Kevin Turpin, Thea Cooney,  Megan MacKenzie, Amy Apps with supervision from Dr. Michael Hunt   Biomechanical and clinical outcomes with shock absorbing insoles in patients with knee osteoarthritis: Immediate effects and changes following one month of wear Agenda: 1) Introduction to OA 2) Previous interventions 3) Study Rationale  4) Methods 5) Results 6) Discussion 7) Conclusions/Future considerations Osteoarthritis Facts: - degenerative joint disease affecting hands and weight bearing joints - knee most commonly affected 1  - affecting 1 in 10 Canadians 2 - no cure for OA  1. Oliveria (1985), 2. Arthritis Society (2011) Characteristics of OA: - degradation of articular       cartilage, menisci &       subchondral bone  - progressive  - joint pain, stiffness,     localized swelling  -?physical function   OA and Walking:  - walking implicated in progression of OA due to repetitive nature3,4  - higher loads in medial compartment cause ? breakdown of articular cartilage and more severe disease5,6 3. Miyazaki et al (2002), 4. Andriacchi & Mundermann (2006), 5. Creaby et al (2010), 6. Radin (1971) How is load measured? - knee adduction moment (KAM)       indirect measure of medial tibiofemoral loading7,8  -KAM= ground reaction force (GRF) x lever arm9 -  Increased KAM at stance      changes in joint structure and more severe disease10,11 7. Andriacchi (1994), 8. Schipplein & Andriacchi (1991), 9. Hunt et al (2006), 10. Baliunas et al (2002), 11. Sharma et al (1998)     Valgus bracing: improves pain, function12,13 and reduces KAM14,15, but expensive and cumbersome16  Previous Interventions: 12. Draganich et al, 2006, 13. Brouwer et al, 2006, 14. Pollo et al, 2002, 15. Self et al, 2000, 16. Krohn, 2005, 17. Erhart et al (2010) Variable stiffness footwear: uses varying material properties to make shoe stiffer on lateral side17    Lateral wedged insoles: unload medial compartment by shifting load laterally18; can be off the shelf or custom made19,20 18. Baker et al, 2007, 19. Zhang et al, 2008, 20. Gelis et al, 2005  High tibial osteotomy: redistributes weight bearing forces, reduces pain, improves function21,22  21. Birmingham et al, 2009, 22. Marti et al, 2001 Rationale:  A) Shock Absorbing Insoles:   ? inexpensive ? no known contraindications  ?    impact forces and loading rates in healthy runners and military populations ? never been tried before in this population   B) it is proposed that by    the rate of tibial acceleration and magnitude of loading at foot strike during gait, the load transmitted to knee will be reduced23  23.Nigg et al, 1988   Purpose: To examine the effectiveness of SAIs in: 1) the immediate reduction of knee joint load  2) the reduction in knee joint load, pain, and dysfunction after one month of wear             * in individuals with knee OA *  Ethics? Ethical approval was obtained from the Institutional Clinical Research Ethics Board and all participants provided written informed consent  Research Design:  Pre-post design with participants exposed to  2 conditions: - normal footwear   - SAIs with a one month follow-up  Inclusion Criteria:      radiographic evidence of tibio-femoral OA      varus malalignment     knee pain during walking > 3/10 most days of the previous month     grade ? 2 knee OA based on Kellgren and Lawrence criteria by an independent radiologist                Exclusion Criteria:     knee injury, surgery or corticosteroid use         within 6 months (oral use= 1 month)   MSK or neurological condition affecting lower limb  function    ankle/foot pathology that precludes the use of  insoles   current use of foot orthotics    primary footwear unable to accommodate an insole   walk with a gait aid   inflammatory arthritic condition      Recruitment strategy:  Participants were recruited from the community via advertisements in local papers   Participants: - 16 in total (10 F, 6 M) - mean age: 66.9 years - mean BMI: 27.7  - mean lower limb alignment of: 178.0? -10 participants had mild OA , 2 had moderate, 4 had    severe  - all had OA in medial compartment - 14 returned for follow-up testing  Procedure: -baseline and follow-up testing over one month -measured gait, physical function and pain  -participants given 2 pairs of insoles to take home -completion of daily log Insole:   -3/4 length Spenco? insoles -non-customized, triple density gel -heel thickness of 8.35mm and forefoot thickness 4.31mm   Gait Analysis: -3 dimensional gait analysis -2 synchronized force platforms -modified Helen Hayes 22-marker set  -walk at self-selected speed Outcome Measures:  1) Primary:  ? KAM1, KAM2, KAMp ? KAM impulse ? peak vertical tibial acceleration  2) Secondary:  ? walking pain ? WOMAC ? timed stair climb   Statistics: -biomechanical: 2  factor repeated measures ANOVA -clinical: paired t-test  Results: 1) Biomechanical: no significant   in knee joint loading were observed*  2) Pain and Function: significant differences found for all measures after one month   - average pain during walking  - WOMAC pain   - WOMAC total   - time to ascend 12 stairs  * One exception Discussion: 1)   improvements in joint pain & function found; unlikely due to changes in the loading environment 2)  SAIs may not have a protective role against disease progression     3)   SAIs effective in    impact forces and loading rates using tibial accelerometry; not found in this study (findings may be due to relatively smaller GRF?s that occur during walking)      Discussion cont?  4)  Improvements in pain and function found: WHY?  - Treatment effect for pain? - Placebo? -     Reflection of natural history of disease?    Discussion Cont? Furthermore? -these findings highlight the disconnect between measures of pain and function and objective measures of knee joint loading as quantified indirectly using 3-D motion analysis  Limitations:   A) KAM is not a direct measure of knee joint loading B) 16 individuals: possible that much smaller    in joint load may have gone undetected C)   no control group Future Considerations: - more research is required to:  - optimize the clinical benefits of SAIs      - improve uptake of this treatment        strategy      Conclusions: 1) SAIs can significantly improve measures of knee joint pain and physical dysfunction after 1 month of wear 2) evidence for the role of SAIs in the clinical self     management of the disease 3)   SAIs represent an intervention that is inexpensive, non-invasive and has minimal side effects  References: 1) Oliveria SA, Felson DT, Reed JI, Cirillo PA, Walker AM.Incidence of symptomatic hand, hip, and knee osteoarthritisamong patients in a health maintenance organization. ArthritisRheum 1995;38:1134?41.  2) The Arthritis Society. Types of Arthritis- Osteoarthritis: How common is osteoarthritis? Retrieved on June 8, 2011 from  3) Miyazaki T, Wada M, Kawahara H, Sato M, Baba H, Shimada S. Dynamicload at baseline can predict radiographic disease progression in medialcompartment knee osteoarthritis. Ann Rheum Dis 2002;61:617-22.3) Andriacchi T, Mundermann A. The role of ambulatory mechanics in theinitiation and progression of knee osteoarthritis. Curr Opin Rheumatol2006;18:514-8. 4) Andriacchi T, Mundermann A. The role of ambulatory mechanics in the initiation and progression of knee osteoarthritis. Curr Opin Rheumatol 2006;18:514-8. 5) Creaby MW, Wang Y, Bennell KL, Hinman RS, Metcalf BR, Bowles KA et al. Dynamic knee loading is related to cartilage defects and tibial plateau bone areain medial knee osteoarthritis. Osteoarthritis Cartilage 2010;18:1380-5. 6)  Radin E, Paul I. Response of joints to impact loading. I. In vitro wear. Arth Rheum 1971;14:356-62.      7) Andriacchi T. Dynamics of knee malalignment. Orthop Clin N Am 1994;25:395-403. 8) Schipplein O, Andriacchi T. Interaction between active and passive knee stabilizers during level walking. J Orthop Res 1991;9:113-9. 9) Hunt MA, Birmingham TB, Giffin JR, Jenkyn TR. Associations among knee adduction moment, frontal plane ground reaction force, and lever arm duringwalking in patients with knee osteoarthritis. J Biomech 2006;39:2213-20. 10) Baliunas A, Hurwitz D, Ryals A, Karrar A, Case J, Block J et al. Increased knee joint loads during walking are present in subjects with knee osteoarthritis.Osteoarthritis Cartilage 2002;10:573-9. 11) Sharma L, Hurwitz D, Thonar E, Sum J, Lenz M, Dunlop D et al. Knee adduction moment, serum hyaluronan level, and disease severity in medial tibiofemoralosteoarthritis. Arthritis Rheum 1998;41:1233-40.  12) Draganich L, Reider B, Rimington T, Piotrowski G, Mallik K, Nasson S. The effectiveness of self-adjustable custom and off-the-shelf bracing in the treatment of varus gonarthrosis. J Bone Joint Surg 2006;88A:2645-52.    13) Brouwer R, van Raaij T, Verhaar J, Coene L, Bierma-Zeinstra S. Brace treatment for osteoarthritis of the knee: a prospective randomized multi-centre trial. Osteoarthritis Cartilage 2006;14:777-83. 14) Pollo F, Otis 1 J, Backus S, Warren R, Wickiewicz T. Reduction of medial compartment loads with valgus bracing of the osteoarthritic knee. Am J Sports Med 2002;30:414-21.  15) Self BP, Greenwald RM, Pflaster DS. Biomechanical analysis of valgus bracing for the osteoarthritic knee. Arthr Care Res 2000;13:191-7. 16) Krohn K. Footwear alterations and bracing as treatments for knee osteoarthritis. Curr Opin Rheumatol 2005;17:653-6. 17) Erhart JC, Mundermann A, Elspas B, Giori NJ, Andriacchi TP. Changes in knee adduction moment, pain, and functionality with a variable-stiffness walking shoe after 6 months J Orthop Res 2010;28:873-9. 18) Baker K, Goggins J, Xie H, Szumowski K, LaValley M, Hunter DJ et al. A randomized cross-over trial of a wedged insole for treatment of knee osteoarthritis. Arthr Rheum 2007;56:1198-203.       19) Zhang W, Moskowitz RW, Nuki G, Abramson S, Altman RD, Arden N et al. OARSI recommendations for the management of hip and knee osteoarthritis, Part II: OARSI evidence-based, expert consensus guidelines. Osteoarthritis Cartilage 2008;16:137-62. 20) Gelis A, Coudeyre E, Aboukrat P, Cros P, Herisson C, Pelissier J. Feet insoles and knee osteoarthritis: evaluation of biomechanical and clinical effects from a literature review. Annales de Readaptation et de Medicine Physique 2005;48:682-9. 21) Birmingham TB, Giffin JR, Chesworth BM, Bryant DM, Litchfield RB, Willits K et al. Medial opening wedge high tibial osteotomy: a prospective cohort study of gait, radiographic, and patient-reported outcomes. Arthritis Rheum 2009;61:648-57. 22) Marti RK, Verhagen R, Kerkhoffs G, Moojen TM. Proximal tibial varus osteotomy: indications, technique, and five to twenty-one-year results. J Bone Joint Surg 2001;83A:164-70.  23) Nigg BM, Herzog W, Read LJ. Effect of viscoelastic shoe insoles on vertical impact forces in heel?toe running. Am J Sports Med 1988;16:70-8.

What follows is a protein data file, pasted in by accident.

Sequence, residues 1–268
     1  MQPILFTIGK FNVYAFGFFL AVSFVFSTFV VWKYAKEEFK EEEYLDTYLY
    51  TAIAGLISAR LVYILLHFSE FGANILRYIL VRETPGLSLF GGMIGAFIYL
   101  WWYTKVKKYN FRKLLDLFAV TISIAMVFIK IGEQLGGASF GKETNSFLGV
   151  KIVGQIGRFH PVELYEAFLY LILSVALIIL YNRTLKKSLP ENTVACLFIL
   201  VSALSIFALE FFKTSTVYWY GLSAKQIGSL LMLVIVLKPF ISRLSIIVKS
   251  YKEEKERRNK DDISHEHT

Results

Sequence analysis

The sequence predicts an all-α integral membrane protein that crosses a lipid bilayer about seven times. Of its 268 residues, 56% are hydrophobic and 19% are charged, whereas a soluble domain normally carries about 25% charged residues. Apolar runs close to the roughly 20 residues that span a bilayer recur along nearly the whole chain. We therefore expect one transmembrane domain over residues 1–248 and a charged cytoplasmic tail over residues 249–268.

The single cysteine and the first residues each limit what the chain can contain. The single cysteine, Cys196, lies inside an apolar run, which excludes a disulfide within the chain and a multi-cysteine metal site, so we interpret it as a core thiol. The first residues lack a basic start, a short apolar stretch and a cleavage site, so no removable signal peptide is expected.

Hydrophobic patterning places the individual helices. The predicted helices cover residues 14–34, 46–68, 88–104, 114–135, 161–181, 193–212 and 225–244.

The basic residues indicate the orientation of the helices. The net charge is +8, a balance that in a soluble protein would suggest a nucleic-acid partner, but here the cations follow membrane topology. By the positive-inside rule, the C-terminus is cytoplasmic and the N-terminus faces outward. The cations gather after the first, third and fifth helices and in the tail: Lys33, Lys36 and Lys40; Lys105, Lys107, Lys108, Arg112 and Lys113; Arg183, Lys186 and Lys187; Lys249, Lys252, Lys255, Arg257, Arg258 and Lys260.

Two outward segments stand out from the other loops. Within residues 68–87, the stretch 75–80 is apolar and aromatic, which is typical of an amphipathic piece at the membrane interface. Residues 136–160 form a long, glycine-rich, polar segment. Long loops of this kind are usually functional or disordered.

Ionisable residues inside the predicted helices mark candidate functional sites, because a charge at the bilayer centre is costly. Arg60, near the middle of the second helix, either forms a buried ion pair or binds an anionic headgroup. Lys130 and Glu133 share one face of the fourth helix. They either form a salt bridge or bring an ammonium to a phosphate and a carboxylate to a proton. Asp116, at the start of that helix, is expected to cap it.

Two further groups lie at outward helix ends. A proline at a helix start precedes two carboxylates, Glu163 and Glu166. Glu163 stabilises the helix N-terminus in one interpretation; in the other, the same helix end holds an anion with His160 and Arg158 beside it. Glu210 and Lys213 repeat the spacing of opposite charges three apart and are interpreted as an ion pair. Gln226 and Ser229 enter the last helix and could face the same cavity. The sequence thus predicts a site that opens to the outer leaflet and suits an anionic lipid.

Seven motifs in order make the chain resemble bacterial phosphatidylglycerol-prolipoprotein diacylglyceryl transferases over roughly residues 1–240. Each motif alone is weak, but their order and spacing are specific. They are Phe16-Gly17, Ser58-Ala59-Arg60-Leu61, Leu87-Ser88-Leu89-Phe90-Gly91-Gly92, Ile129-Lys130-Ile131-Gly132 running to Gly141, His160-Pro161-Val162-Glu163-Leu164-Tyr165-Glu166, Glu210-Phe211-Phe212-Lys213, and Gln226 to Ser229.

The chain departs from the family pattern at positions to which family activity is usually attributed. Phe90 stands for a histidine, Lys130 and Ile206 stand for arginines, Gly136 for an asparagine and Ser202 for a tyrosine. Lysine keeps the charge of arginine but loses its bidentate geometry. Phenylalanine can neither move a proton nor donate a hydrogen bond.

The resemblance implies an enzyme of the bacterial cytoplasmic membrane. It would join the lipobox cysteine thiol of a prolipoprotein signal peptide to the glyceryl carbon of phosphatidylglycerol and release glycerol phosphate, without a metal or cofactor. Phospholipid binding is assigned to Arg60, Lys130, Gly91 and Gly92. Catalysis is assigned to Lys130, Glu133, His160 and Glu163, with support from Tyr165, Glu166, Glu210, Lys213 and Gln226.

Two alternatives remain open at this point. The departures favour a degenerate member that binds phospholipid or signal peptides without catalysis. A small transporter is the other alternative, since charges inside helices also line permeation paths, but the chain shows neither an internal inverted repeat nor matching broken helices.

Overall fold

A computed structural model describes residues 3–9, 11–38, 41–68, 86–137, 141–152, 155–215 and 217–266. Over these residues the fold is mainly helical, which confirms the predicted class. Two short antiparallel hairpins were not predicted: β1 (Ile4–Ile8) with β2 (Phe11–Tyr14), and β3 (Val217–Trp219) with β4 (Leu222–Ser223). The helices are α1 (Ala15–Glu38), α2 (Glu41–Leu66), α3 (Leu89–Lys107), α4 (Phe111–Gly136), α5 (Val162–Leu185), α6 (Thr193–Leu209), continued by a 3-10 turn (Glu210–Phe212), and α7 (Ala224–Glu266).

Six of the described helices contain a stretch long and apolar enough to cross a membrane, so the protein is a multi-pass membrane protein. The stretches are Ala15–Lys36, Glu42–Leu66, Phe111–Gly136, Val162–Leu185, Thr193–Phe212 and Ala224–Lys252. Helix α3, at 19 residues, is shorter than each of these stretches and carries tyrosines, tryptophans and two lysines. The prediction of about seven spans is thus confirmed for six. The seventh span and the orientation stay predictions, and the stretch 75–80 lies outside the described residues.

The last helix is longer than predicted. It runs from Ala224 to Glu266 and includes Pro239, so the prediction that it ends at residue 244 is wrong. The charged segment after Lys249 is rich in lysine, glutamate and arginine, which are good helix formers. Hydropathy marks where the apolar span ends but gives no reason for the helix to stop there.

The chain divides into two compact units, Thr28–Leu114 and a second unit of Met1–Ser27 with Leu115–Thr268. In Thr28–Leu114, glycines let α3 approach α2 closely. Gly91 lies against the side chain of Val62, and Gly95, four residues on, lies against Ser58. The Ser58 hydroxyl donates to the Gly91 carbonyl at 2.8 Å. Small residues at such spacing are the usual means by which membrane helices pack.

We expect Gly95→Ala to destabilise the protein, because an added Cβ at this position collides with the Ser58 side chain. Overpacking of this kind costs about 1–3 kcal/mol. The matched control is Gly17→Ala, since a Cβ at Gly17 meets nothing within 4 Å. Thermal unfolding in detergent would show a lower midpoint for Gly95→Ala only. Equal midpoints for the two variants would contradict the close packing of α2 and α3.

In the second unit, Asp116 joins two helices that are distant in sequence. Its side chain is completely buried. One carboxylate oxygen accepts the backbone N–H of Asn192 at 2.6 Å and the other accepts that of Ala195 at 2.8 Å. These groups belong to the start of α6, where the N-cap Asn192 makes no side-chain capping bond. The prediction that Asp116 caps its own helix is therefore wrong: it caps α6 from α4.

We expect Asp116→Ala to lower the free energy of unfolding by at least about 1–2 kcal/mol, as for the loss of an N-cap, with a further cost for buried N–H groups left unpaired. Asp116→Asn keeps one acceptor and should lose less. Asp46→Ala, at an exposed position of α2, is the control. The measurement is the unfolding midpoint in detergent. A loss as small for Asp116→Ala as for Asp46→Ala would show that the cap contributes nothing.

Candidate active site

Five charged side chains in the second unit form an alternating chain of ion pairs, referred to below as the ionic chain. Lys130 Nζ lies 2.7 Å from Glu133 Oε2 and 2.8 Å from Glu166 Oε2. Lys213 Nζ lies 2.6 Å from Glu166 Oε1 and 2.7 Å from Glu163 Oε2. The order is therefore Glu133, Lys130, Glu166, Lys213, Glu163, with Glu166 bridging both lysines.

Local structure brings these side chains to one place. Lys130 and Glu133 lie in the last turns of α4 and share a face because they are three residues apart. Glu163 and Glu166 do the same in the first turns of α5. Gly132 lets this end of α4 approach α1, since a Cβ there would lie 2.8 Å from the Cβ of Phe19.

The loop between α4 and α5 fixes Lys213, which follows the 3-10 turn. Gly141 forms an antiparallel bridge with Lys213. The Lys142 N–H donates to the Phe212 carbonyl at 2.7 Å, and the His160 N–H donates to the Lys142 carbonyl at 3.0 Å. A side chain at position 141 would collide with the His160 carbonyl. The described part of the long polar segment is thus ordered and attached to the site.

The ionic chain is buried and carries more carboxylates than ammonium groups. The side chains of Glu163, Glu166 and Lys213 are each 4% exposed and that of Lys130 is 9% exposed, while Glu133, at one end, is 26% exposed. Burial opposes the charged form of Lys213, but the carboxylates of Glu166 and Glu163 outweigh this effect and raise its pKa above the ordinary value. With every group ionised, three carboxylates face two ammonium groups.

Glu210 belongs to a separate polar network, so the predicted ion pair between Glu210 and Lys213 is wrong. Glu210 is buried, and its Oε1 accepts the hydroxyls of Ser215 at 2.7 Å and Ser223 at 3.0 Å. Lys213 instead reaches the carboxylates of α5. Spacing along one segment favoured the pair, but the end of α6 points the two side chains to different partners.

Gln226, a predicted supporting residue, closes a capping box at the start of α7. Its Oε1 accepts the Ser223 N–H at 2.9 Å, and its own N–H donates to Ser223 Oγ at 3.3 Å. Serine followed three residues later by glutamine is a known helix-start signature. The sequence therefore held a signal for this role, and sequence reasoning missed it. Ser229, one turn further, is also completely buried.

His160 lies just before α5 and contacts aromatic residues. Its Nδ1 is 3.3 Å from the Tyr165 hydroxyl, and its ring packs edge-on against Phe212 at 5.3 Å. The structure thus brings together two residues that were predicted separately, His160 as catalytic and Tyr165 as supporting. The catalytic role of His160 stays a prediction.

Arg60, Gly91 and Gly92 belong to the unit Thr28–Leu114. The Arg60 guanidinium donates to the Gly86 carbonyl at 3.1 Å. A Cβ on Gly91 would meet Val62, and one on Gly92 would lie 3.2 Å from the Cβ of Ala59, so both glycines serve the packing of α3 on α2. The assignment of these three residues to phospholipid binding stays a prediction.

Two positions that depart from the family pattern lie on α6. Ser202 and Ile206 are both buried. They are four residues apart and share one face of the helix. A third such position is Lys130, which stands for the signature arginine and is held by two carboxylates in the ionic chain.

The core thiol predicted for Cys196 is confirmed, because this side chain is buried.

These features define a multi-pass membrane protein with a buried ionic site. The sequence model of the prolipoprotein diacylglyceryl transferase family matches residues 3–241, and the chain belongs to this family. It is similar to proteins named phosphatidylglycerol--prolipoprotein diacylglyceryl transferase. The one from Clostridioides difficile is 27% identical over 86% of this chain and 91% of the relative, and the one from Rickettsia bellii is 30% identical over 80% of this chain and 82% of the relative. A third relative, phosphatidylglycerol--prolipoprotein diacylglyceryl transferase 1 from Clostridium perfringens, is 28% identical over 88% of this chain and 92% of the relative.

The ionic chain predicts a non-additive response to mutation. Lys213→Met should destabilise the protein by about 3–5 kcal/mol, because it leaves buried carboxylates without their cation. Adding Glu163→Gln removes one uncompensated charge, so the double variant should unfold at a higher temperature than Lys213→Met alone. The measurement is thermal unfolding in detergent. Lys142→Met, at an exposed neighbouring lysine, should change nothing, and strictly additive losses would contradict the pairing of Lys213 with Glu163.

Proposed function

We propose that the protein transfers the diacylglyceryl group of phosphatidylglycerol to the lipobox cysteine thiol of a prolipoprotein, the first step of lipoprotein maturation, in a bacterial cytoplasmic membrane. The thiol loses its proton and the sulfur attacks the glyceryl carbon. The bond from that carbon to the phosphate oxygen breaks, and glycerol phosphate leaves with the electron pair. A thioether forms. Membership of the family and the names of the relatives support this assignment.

Citation Scheme:


Citations by CSL (citeproc-js)

Usage Statistics



Customize your widget with the following options, then copy and paste the code below into the HTML of your page to embed this item in your website.
                            <div id="ubcOpenCollectionsWidgetDisplay">
                            <script id="ubcOpenCollectionsWidget"
                            async >
IIIF logo Our image viewer uses the IIIF 2.0 standard. To load this item in other compatible viewers, use this url:


Related Items